- William Rockefeller Jr. is the man at the center of New York's train derailment
- According to a union rep, he's been a locomotive engineer for almost 11 years
- "He's a man of a lot of character. He's honest. He's sincere," the rep says
- Rockefeller's lawyer says his client is married, with a stepson and granddaughter
Details started to trickle out Tuesday about the engineer at the center of Sunday's New York train derailment.
William Rockefeller Jr., or Billy, has worked as a locomotive engineer for almost 11 years, according to Anthony Bottalico, a union representative who has been meeting with the man.
He said Rockefeller started out as a janitor at Grand Central and "worked his way up."
"He's a man of a lot of character. He's honest. He's sincere. He's never been disciplined, that I know of, on the railroad," said Bottalico. "He's got a great attitude and he comes to work every day, and everybody's very proud and honored to work with him."
The representative described Rockefeller, who is cooperating with authorities, as a good human being, a strong person and someone who goes out of his way for others.
"I think it takes a strong man to come down and ... be honest -- and that's what Billy's doing. That's what strong men are. You know, strong men are people who can come out and tell it like it is, and, you know, be accountable. And that's what Billy is," said Bottalico.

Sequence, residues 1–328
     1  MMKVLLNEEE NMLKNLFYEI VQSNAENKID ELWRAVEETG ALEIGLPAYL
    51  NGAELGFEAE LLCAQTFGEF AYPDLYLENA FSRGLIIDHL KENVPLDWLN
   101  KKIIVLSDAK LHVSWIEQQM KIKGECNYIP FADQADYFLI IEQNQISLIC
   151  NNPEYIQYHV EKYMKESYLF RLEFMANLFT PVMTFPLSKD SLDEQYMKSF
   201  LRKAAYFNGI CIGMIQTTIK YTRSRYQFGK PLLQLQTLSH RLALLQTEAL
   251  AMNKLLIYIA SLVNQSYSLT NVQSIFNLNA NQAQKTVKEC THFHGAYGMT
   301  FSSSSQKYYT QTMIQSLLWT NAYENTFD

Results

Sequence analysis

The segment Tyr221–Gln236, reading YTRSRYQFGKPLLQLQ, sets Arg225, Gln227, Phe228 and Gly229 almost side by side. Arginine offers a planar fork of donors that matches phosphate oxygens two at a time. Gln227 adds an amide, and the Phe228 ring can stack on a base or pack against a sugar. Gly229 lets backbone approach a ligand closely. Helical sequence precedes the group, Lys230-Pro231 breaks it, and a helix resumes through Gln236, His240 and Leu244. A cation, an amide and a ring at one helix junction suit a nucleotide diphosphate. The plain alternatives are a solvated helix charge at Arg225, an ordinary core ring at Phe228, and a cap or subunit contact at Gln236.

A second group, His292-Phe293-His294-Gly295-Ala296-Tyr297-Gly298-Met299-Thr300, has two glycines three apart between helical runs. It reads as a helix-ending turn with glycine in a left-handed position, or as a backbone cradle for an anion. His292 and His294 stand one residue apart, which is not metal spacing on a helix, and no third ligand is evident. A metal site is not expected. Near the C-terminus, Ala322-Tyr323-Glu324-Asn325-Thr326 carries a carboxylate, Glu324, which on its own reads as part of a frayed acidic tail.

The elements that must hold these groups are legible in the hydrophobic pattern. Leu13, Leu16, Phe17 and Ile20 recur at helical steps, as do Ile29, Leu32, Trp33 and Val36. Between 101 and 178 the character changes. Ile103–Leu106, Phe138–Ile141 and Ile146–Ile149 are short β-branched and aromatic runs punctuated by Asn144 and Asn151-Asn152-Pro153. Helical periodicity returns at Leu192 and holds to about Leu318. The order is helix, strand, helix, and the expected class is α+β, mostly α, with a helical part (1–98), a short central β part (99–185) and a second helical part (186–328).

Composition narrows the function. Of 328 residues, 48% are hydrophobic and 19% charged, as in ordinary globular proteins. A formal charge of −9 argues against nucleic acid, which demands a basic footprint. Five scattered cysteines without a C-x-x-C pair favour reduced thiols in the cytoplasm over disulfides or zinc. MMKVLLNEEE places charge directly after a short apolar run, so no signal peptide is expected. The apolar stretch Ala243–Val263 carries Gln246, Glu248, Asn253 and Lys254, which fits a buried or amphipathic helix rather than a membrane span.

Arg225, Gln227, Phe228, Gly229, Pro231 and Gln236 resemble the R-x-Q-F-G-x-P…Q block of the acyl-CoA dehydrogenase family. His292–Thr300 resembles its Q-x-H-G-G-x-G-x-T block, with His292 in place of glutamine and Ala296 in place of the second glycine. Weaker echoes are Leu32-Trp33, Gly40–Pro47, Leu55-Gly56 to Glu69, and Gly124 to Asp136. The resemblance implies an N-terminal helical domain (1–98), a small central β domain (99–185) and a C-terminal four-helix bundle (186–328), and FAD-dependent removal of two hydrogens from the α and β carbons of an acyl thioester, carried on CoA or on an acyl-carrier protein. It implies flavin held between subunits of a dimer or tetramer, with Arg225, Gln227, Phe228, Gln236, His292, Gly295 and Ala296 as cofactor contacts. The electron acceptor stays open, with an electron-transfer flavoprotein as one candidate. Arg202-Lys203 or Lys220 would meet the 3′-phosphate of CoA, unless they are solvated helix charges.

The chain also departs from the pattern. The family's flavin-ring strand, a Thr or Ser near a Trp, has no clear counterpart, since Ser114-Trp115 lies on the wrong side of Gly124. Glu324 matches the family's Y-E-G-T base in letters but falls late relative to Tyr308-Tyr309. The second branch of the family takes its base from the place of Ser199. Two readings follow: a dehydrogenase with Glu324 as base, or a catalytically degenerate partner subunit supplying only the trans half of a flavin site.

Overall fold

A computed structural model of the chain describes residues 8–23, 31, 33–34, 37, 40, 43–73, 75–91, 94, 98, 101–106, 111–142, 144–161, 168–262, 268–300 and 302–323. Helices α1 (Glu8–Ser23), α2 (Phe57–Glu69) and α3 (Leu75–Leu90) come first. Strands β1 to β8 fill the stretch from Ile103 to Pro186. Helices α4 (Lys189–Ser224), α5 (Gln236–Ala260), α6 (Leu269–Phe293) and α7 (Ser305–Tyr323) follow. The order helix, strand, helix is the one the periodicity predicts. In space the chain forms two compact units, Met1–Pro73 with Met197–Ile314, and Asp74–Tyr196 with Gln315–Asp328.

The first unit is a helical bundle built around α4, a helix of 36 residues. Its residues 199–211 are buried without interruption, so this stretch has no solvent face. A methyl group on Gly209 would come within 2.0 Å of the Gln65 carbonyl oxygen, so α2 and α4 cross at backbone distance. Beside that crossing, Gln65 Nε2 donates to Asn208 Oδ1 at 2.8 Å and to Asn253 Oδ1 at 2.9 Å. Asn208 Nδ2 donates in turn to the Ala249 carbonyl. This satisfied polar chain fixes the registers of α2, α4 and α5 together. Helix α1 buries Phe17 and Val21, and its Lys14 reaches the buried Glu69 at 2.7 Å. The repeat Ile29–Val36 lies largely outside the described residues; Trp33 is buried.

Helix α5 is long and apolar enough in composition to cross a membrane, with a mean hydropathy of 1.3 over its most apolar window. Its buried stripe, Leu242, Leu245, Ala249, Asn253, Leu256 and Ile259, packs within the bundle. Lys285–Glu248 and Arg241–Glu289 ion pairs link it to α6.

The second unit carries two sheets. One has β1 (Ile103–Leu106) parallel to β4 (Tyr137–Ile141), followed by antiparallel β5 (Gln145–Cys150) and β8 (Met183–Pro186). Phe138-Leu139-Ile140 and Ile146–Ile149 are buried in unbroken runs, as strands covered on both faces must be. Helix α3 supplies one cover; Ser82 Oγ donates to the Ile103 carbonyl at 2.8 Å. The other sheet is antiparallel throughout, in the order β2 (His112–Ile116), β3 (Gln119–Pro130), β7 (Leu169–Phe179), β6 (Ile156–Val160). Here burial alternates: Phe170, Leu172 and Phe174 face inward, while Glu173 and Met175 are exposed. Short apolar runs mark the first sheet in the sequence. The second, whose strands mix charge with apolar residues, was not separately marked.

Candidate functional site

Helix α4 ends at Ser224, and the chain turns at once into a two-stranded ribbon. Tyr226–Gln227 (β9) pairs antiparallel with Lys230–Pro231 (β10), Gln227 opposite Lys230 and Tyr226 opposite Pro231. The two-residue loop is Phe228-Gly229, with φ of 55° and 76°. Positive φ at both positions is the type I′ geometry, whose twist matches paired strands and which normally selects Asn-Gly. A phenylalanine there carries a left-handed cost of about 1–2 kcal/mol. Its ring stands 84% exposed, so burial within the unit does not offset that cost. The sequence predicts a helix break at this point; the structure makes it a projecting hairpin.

He also said Rockefeller apparently "was nodding off and caught himself too late" before the accident that killed four people and injured 67 others. The engineer has not been charged.
"I don't believe that, in my opinion, that anybody could ever ... make Billy feel worse than he's making himself feel today. So Billy feels terrible. Whether it was his fault or not his fault, it's his train," said Bottalico.
Also speaking on the engineer's behalf Tuesday was Rockefeller's lawyer, Jeffrey Chartier.
The attorney has met with his client, police and National Transportation Safety Board representatives.
He said that Rockefeller worked as a volunteer firefighter and is married, with a stepson and a granddaughter.
"Billy's a good man and, you know, I hope he can move forward from here," said Bottalico.